Each bottle of whisky represents the end point of a journey. However, there may be no bottle of whisky of which I can think that has been through quite the same journey as that reviewed here, today.
The story of Nant Distillery represents the darkest days in recent Australian whisky history. Investors were offered a chance to buy a barrel of new make whisky, and then, years later, Nant would buy it back off the investor with interest compounded. The scheme was too good to be true, and the business collapsed leaving investors thousands of dollars out of pocket. Most investors never even saw their barrels, which simply weren’t filled or were emptied and used to keep up with Nant’s official bottlings requirements.
However, some of those mum and dad investors did end up with their barrels, but with no way of bottling them or selling them on. Enter Phil Collidge, and Pete Bignell of Belgrove Rye whisky renown. They believed that whisky should still see the light of day. The Remnant (get it?) Whisky Company was created. I spoke with Peter and his son Dane for more information as to their enterprise.
Malt: How did you come to be involved in Nant barrels after the collapse of that business?
Pete Bignell: My family has been involved with the farm Nant for several generations, it was then quite a large grazing and cropping property in the Tasmanian highlands. Since then it has changed owners a couple of times and is now much smaller.
When I was younger, I used to play in the old water driven flour mill with my cousins.
I was employed to restore the derelict mill to its former glory so the mill stones could produce the grist for the distillery. As part of my wages I received an investment barrel.
Fast forward a few years and the original owner went bankrupt, then a new company took over the distillery and management of the investor’s barrels. The new company decided that the whisky in the remaining barrels was not worth as much as the original investors were promised.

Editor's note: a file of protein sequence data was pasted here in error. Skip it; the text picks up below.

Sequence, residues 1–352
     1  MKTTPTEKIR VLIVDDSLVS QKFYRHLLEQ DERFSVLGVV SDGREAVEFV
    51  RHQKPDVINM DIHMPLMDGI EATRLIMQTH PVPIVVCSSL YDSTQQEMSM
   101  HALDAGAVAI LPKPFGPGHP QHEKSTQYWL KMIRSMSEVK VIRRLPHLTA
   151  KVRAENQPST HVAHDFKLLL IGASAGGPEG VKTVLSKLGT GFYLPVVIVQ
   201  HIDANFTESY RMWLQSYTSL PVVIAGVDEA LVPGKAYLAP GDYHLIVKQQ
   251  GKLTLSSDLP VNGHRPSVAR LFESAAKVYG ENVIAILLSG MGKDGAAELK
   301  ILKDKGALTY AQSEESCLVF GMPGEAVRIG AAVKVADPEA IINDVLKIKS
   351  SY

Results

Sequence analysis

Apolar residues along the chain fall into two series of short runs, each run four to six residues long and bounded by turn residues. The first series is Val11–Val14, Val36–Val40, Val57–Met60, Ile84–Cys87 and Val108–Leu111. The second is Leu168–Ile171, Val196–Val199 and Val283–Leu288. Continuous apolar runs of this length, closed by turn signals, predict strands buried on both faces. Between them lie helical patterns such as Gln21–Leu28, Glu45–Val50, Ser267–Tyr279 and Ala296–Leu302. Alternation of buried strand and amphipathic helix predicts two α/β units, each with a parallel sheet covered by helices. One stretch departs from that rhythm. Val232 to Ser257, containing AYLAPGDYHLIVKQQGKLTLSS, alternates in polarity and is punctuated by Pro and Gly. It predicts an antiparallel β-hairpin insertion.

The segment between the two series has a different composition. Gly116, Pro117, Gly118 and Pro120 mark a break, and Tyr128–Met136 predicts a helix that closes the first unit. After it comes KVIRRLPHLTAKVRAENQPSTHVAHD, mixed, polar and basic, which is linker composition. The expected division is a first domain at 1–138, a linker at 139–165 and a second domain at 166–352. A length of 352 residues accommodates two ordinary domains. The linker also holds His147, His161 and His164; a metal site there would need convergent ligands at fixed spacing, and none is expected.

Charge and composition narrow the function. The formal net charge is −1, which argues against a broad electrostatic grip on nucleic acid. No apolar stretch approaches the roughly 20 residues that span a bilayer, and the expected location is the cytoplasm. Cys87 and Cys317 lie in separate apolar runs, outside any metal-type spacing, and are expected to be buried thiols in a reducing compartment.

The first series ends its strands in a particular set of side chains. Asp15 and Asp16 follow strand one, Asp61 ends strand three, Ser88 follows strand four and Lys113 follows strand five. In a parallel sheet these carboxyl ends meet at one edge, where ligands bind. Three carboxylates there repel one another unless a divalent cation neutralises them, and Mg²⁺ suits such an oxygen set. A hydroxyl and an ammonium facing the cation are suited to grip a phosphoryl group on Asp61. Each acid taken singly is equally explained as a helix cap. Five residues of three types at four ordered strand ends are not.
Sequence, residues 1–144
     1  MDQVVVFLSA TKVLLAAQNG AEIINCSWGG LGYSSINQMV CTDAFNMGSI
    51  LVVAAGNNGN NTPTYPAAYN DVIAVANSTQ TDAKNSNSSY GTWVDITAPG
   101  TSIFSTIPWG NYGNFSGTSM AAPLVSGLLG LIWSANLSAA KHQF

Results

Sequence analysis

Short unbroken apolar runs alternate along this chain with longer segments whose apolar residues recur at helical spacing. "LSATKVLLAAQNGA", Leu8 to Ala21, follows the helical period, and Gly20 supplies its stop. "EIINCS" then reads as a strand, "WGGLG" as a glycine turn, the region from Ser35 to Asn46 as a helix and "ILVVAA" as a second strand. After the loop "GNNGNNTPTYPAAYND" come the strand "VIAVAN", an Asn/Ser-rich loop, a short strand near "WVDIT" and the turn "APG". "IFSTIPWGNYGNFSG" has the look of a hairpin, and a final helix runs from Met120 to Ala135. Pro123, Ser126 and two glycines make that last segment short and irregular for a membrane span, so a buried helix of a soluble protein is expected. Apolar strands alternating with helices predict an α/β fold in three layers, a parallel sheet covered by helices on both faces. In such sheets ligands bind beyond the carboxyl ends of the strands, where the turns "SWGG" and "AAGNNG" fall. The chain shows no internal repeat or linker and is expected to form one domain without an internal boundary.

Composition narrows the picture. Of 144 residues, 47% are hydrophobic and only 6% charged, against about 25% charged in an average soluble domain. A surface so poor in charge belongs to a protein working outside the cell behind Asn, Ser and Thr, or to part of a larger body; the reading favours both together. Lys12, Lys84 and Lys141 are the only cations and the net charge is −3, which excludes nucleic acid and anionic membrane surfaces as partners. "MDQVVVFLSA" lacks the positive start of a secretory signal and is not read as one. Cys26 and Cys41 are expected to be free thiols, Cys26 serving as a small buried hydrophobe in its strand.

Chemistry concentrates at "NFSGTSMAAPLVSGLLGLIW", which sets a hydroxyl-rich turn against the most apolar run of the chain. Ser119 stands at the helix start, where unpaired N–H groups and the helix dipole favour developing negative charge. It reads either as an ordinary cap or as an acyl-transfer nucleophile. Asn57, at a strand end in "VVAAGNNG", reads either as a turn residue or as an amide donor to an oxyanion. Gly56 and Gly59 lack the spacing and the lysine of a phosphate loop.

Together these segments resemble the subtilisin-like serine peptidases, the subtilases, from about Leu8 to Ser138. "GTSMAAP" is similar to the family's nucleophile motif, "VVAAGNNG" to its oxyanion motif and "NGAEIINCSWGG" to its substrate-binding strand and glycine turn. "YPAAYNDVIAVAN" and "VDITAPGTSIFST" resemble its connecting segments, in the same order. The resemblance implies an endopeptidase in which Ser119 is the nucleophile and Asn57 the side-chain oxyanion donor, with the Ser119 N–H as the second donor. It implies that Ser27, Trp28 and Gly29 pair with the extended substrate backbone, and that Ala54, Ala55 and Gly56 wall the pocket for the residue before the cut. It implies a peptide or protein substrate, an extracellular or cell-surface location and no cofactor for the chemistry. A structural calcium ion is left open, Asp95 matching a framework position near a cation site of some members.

The barrels were re-valued, some investors were told that their whisky was of no value and “XXX will deal with any uncollected whisky as uncollected goods in accordance with Tasmanian law.” Investors assumed the new company would take possession of the barrels with no compensation.
The Remnant Whisky Company was formed and any interested investors were offered a small premium if they allowed their barrels to be moved to Belgrove Distillery bond.
The barrels were measured, tasted and new offers made. In most cases the new valuations were well above the earlier offers. In some cases, several thousand dollars more than the earlier offer but in a very few cases the whisky was of very poor quality but we still honoured our guaranteed minimum premium.
Malt: Can you give some indication of how many barrels you acquired?
Pete Bignell: Approximately 300 barrels, most have been purchased by Remnant but there are a few that are being stored on behalf of the investors.